Annmarie Gajdos of Room 3228 on uplifting marginalized voices through media


Describe your business in a few words:

My name is Annmarie Gajdos. I am a 23-year-old activist, content creator, and aspiring human rights lawyer. I am also a co-founder of the Room 3228 podcast, where I work with Chanel Cummings and Anita Tunduwani to highlight diverse youth voices and give people a safe space to share their thoughts on the world around them. I am passionate about uplifting marginalized voices through media and responsible travel.

What was your background prior to starting your own business?

Prior to starting my own business, I had a background in technology and entertainment. I am a multipotentialite who has a lot of interests, from public service to videography. I’ve worked at mental health companies and interned at numerous media conglomerates, such as Turner Broadcasting, HBO, Atlantic Records, and iHeartRadio. My varied experiences showed me that I wanted to use my voice to tell underrepresented stories in an authentic and powerful way.

Did you always know you wanted to be an entrepreneur?

I always knew that I wanted to be seen as a leader in my community, but I didn’t necessarily dream of starting my own business. While gaining professional experience through jobs and internships, I realized that autonomy and flexibility in my daily activities were extremely important to me. I wanted to be in charge, and I wanted to be able to create my own schedule, rather than being glued to my desk all day. Once I realized that there was a niche that I could cater to with my podcast while also creating a more flexible schedule for myself, entrepreneurship became a feasible option for me.

Take us back to when you first launched your business, what was your marketing strategy to get the word out and did it go as planned?

When I first created my podcast, we did a combination of physical and digital marketing. We posted flyers on campus, partnered with our college radio station, and invited prominent leaders on campus to go on air with us. We also heavily marketed ourselves on Instagram and Facebook, while employing Facebook ads to increase our reach. Lastly, we threw an exclusive podcast launch party to generate buzz about our first episode. Our initial marketing was successful, but it took a lot more effort on our part to sustain it as time went on.

What is the accomplishment you are the most proud of to date?

I am most proud of the international following that we built. We not only have listeners in all fifty states in America but also in over 15 countries (Germany, France, the United Kingdom, Ireland, Morocco, India, Russia, Brazil, Colombia, Canada, Thailand, Australia, Peru, Slovakia, Mexico, Greece, etc). In addition, hearing feedback from viewers is very meaningful for me. Many people describe our podcast as a welcoming atmosphere that feels like home. One listener told us that when she moved to Europe for college, she felt extremely lonely and cried every night. To make herself feel better, she would listen to our podcast and it made her feel like she was chatting with her best friends back home. It felt good to be a source of comfort for people who are going out into the world and trying new things. Our mission was always to help youth grow and learn from one another, so seeing that come to fruition is incredible.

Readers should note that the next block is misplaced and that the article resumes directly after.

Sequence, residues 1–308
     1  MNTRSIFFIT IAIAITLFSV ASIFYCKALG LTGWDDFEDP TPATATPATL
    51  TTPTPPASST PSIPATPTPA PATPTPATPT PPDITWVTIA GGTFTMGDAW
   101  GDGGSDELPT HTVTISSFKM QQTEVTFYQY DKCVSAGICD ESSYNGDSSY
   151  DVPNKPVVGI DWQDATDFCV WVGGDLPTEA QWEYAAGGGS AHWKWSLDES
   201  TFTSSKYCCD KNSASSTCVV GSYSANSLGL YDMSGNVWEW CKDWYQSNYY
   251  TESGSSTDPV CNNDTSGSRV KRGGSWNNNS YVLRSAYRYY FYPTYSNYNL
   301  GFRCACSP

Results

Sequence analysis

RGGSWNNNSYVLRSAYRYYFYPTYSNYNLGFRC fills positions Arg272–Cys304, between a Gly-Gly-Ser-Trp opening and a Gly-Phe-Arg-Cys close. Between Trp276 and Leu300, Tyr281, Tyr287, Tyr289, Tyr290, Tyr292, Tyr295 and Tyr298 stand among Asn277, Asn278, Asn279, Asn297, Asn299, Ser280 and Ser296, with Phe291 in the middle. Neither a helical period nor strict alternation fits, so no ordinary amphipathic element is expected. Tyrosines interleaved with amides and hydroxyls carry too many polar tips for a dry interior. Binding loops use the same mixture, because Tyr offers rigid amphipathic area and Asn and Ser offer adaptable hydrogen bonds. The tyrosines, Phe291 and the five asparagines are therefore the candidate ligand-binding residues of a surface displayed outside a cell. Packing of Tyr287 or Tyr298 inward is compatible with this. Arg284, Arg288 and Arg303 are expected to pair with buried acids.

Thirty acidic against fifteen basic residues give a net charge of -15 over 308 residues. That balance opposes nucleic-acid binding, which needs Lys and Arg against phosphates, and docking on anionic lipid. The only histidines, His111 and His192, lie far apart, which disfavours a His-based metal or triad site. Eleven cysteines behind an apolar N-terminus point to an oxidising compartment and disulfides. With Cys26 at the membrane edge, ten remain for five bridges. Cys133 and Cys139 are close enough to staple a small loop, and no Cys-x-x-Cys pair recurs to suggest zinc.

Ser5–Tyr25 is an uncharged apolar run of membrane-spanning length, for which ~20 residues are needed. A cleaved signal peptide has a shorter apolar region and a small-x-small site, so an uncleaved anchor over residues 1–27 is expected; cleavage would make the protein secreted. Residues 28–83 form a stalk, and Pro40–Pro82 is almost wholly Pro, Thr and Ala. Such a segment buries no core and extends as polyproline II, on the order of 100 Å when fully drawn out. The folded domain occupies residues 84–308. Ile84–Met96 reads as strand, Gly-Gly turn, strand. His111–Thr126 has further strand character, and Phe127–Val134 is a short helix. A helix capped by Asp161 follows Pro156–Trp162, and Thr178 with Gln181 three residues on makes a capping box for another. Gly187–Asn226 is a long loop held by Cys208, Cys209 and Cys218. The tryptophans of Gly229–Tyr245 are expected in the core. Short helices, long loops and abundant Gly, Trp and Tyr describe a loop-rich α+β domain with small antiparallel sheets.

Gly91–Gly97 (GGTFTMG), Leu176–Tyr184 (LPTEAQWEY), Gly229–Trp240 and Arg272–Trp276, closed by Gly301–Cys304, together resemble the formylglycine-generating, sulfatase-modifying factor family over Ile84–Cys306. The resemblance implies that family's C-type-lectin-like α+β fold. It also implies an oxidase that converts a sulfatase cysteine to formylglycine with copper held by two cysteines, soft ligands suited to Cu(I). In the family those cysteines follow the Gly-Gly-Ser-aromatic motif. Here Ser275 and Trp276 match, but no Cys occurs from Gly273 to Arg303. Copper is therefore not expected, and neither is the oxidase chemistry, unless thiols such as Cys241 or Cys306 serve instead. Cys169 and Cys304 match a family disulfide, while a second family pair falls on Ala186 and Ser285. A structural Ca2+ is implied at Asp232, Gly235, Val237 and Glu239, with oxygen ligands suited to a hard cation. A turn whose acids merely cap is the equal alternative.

Do you believe in work/life balance? What are some of your best tips?

Work/life balance is extremely important, especially in order to prevent burnout. I find that I am most productive when I’m happy, and I’m happiest when I give myself the space to pursue a healthy combination of my professional and personal interests. We live in an increasingly digitalized world so the line between work and free time is blurred. It’s important to set boundaries for oneself. I turn my phone on airplane mode at least an hour before I go to sleep so that I’m not tempted to check my work email before bedtime. I also schedule out blocks of time for recreational activities each day, whether it’s an hour for me to go for a relaxing walk or binge a new episode of my favorite Netflix show. I also prioritize engaging in social activities during the week. I work from home so it’s easy to lose track of time and feel removed from reality since I communicate with my team virtually. Getting dressed up and going out with friends helps me remain motivated and productive.

What have you achieved recently that you’d like to celebrate with our community?

We recently launched our third season after a short hiatus due to COVID-19. For the first time in two years, my co-hosts and I were able to record an episode in-person, rather than virtually. We booked a cabin in the woods in upstate New York and spend a week making content and planning out the new season of the podcast, as well as creating a social media marketing calendar.

What’s next for your business? What can we expect to see over the next few years?

We intend to keep facilitating controversial conversations with youth in order to uplift underrepresented voices. We hope to start bringing on celebrity guests to talk about their experiences, as well as how public perception of the media has influenced their own efforts as unifiers. Eventually, we would also like to have a podcast tour around the United States where we host in-person meetups with listeners and pair people with conversation partners so that they can share their opinions with one another.

What excites you about being an Entreprenista League member?

I’m excited to get the chance to learn from amazing female entrepreneurs who are fearlessly pursuing their dreams. It’s inspiring to be part of a community that brings women closer together in an attempt to help one another succeed and grow their businesses.

Learn more about the Entreprenista League and join today!

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